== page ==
Flashcards in Receptor Transduction Systems 2 Deck (34):
what do GPCRs systems found in the cell membrane consist of?
- GPCR receptor protein itself
- G-protein (heterotrimeric, alpha-beta-gamma), alpha subunit binds GTP when active, hydrolyses to GDP to turn off signalling
- effector proteins including: enzymes, ion channels
why do we need GPCRs?
they allow conserved signalling machinery to generate incredibly complex responses
what types of responses do GPCRs allow?
what does amplification consist of?
- one receptor may activate multiple G proteins
- one g-protein may activate multiple effector enzymes
what does diversity consist of?
- a single receptor may activate different classes of G-protein with unique signalling properties
- one G-protein may activate different types of effector
- G-protein heterotrimer components: alpha and beta-gamma subunits may activate different effectors
how are heterotrimeric G-proteins grouped?
they are grouped into 3 primary classes based on their downstream signalling properties
which are the types of heterotrimeric G-proteins?
1. Gs family: activates cyclase to increase cAMP
2. Gi family: inhibits adenylate cyclase to decrease cAMP
3. Gq family: activates phospholipase C to produce IP3 and DAG
what do beta-adrenoceptors do?
they activate adenylate cyclase: ATP--> cyclic AMP (cAMP)
what are the effects of increased cAMP?
1. heart (beta1): increase heart rate and force of heart beat
2. lungs (beta2): relaxes bronchial smooth muscle
what are the effects of agonists in the lung?
- dilates bronchial smooth muscle
- eases respiration
- used in asthma
what are antagonists in the heart?
- competitive reversible antagonist
- slows heart rate and reduces force of beat
- used in cardiovascular disease e.g. hypertension
what activates alpha1-adrenoceptor?
where is alpha-adrenoceptor expressed?
in smooth muscle
why does alpha-adrenoceptor couples to Gq protein?
because it activates PLC to generate IP3 and DAG
how does alpha-adrenoceptor increases intracellular Ca2+ concentration?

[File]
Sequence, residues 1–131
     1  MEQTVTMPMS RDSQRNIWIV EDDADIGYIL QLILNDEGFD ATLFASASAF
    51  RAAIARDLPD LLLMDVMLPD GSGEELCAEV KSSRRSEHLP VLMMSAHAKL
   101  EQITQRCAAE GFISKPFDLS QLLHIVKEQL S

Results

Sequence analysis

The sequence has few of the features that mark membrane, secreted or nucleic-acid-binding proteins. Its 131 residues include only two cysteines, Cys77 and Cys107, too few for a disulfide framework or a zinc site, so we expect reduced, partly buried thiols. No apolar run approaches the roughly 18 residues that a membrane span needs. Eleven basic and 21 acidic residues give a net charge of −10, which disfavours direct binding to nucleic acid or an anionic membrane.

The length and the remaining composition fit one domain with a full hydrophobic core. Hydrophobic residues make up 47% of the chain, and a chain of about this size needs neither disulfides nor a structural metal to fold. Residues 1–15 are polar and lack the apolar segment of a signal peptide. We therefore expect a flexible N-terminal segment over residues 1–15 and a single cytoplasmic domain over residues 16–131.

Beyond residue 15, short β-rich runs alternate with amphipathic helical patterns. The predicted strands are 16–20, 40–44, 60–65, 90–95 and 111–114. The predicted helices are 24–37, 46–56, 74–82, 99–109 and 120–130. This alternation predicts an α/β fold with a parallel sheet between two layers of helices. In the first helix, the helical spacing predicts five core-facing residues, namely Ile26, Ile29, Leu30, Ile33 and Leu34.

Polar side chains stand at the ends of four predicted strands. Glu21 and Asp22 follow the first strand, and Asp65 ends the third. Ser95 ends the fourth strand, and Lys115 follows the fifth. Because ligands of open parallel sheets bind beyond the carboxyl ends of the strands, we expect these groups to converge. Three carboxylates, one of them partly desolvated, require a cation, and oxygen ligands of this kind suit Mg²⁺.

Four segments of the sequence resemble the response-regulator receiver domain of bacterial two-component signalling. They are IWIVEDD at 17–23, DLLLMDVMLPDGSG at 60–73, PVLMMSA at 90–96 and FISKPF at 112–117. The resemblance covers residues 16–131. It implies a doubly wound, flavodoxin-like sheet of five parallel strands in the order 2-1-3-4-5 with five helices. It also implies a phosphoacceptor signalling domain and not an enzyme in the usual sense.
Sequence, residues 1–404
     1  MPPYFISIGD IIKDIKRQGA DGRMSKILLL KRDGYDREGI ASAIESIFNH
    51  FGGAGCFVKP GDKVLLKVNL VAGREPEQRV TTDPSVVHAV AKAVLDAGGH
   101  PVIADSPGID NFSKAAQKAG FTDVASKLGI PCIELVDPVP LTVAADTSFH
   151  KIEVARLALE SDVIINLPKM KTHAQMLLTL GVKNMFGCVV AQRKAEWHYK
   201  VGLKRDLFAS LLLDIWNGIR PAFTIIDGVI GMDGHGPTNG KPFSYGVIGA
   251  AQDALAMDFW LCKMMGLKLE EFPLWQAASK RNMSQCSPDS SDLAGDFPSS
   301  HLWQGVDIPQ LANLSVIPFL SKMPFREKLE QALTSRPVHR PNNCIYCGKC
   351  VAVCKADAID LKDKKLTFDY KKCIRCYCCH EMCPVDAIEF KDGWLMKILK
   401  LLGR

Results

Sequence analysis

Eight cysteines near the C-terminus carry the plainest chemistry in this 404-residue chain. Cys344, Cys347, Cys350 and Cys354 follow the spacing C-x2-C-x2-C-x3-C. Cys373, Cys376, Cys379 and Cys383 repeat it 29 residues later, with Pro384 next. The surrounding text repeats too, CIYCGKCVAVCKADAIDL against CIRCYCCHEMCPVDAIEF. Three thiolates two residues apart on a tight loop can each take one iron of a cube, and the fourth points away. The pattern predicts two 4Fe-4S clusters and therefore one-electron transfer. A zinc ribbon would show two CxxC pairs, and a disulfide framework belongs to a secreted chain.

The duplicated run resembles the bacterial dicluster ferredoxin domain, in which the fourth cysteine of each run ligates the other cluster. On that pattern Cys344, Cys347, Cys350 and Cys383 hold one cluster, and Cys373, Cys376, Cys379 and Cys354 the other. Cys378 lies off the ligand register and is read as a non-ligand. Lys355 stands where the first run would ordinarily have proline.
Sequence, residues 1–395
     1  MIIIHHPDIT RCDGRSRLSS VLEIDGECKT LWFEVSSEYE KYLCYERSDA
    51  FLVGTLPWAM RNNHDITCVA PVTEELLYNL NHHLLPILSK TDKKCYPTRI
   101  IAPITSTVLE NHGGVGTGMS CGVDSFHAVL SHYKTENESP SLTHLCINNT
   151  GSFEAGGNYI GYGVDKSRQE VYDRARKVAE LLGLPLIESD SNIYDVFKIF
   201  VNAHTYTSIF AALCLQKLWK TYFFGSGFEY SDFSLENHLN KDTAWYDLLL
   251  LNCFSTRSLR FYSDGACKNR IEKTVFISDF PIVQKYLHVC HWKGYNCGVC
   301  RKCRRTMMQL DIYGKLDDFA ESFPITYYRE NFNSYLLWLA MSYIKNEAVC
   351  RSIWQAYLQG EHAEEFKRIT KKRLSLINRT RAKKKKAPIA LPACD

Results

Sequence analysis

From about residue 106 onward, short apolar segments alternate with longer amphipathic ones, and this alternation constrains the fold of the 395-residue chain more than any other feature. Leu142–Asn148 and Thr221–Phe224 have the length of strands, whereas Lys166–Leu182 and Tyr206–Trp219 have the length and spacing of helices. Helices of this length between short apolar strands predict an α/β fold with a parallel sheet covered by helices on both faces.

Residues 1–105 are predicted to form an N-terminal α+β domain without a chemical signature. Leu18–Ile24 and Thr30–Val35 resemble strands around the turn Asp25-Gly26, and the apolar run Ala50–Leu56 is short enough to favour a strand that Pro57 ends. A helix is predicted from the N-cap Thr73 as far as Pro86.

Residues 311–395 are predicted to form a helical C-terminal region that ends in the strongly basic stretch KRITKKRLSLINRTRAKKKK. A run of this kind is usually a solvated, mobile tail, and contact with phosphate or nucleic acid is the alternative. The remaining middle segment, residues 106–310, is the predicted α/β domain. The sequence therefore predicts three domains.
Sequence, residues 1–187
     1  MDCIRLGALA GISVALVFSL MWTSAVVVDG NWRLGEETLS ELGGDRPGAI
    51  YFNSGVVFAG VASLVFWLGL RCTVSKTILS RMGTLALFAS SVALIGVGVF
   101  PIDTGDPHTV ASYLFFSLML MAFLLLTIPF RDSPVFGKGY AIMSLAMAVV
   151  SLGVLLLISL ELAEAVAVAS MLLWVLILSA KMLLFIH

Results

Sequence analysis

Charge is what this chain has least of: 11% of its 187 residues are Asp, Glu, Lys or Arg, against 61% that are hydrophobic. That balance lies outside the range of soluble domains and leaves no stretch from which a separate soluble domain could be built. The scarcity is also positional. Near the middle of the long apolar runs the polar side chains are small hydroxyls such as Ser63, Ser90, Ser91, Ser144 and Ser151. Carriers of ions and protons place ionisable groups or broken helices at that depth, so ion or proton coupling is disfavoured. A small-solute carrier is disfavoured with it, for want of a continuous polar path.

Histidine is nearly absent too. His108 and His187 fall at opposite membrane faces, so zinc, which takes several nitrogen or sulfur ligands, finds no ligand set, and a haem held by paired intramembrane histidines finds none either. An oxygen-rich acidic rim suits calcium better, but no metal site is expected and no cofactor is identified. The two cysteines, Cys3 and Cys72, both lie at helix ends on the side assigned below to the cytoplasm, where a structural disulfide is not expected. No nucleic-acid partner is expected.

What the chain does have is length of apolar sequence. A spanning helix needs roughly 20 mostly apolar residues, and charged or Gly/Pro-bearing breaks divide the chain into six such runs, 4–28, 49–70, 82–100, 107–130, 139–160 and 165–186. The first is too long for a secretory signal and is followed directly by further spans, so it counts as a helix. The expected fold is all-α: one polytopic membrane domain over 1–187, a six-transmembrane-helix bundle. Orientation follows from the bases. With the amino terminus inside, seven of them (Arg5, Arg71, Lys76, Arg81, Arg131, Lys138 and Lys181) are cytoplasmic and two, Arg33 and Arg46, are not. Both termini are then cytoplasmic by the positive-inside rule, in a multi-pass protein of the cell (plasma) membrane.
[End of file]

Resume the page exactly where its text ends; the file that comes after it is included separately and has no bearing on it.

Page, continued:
- release from SR (IP3)
- through membrane channels (DAG)
what does Ca2+ do?
stimulates smooth muscle contraction
what is prazosin?
a competitive reversible antagonist of the alpha1-adrenoceptor
what does prazosin do?
prevents contraction of smooth muscle in blood vessel wall
how does prazosin work?
it dilates blood vessels so blood pressure falls
what is prazosin used for?
to treat cardiovascular disease e.g. hypertension
other cell responses regulated by Gq Inositol-Phospholipid signalling
1. liver - vasopressin - glycogen breakdown
2. pancreas - acetylcholine - amylase secretion
3. smooth muscle - acetylcholine - contraction
4. blood platelets - thrombin - aggregation
what is a tyrosine kinase?
an enzyme that can transfer a phosphate group to a tyrosine residue in a protein
where is phosphorylation important?
in signal transduction to regulate enzyme activity
what do tyrosine kinase receptors link?
an extracellular ligand binding domain with an intracellular tyrosine kinase domain
what is dimerisation?
coupling by an agonist binding to 2 receptors
what is a receptor tyrosine kinases (RTKs)?
a cell membrane receptors containing a single TM domain
what activates RTKs?
hormones and growth factors e.g. insulin, AGF
what happens when RTKs activate?
upon receptor activation, they form a dimer and autophosphorylate
what happens after the formation of a dimer and autophosphorylation?
a kinase cascade is activates that ultimately phosphorylates a transcription factor
what do RTKs do?
regulate gene expression, growth, metabolism
examples of drugs that inhibit RTK signalling
1. Imatinib (Gleevec)
2. Lapatinib (tykerb)
what is imatinib?
a small molecule tyrosine kinase inhibitor for chronic myelocytic leukemia
what is lapatinib?
a small molecule EGF receptor inhibitor approved in US for breast cancer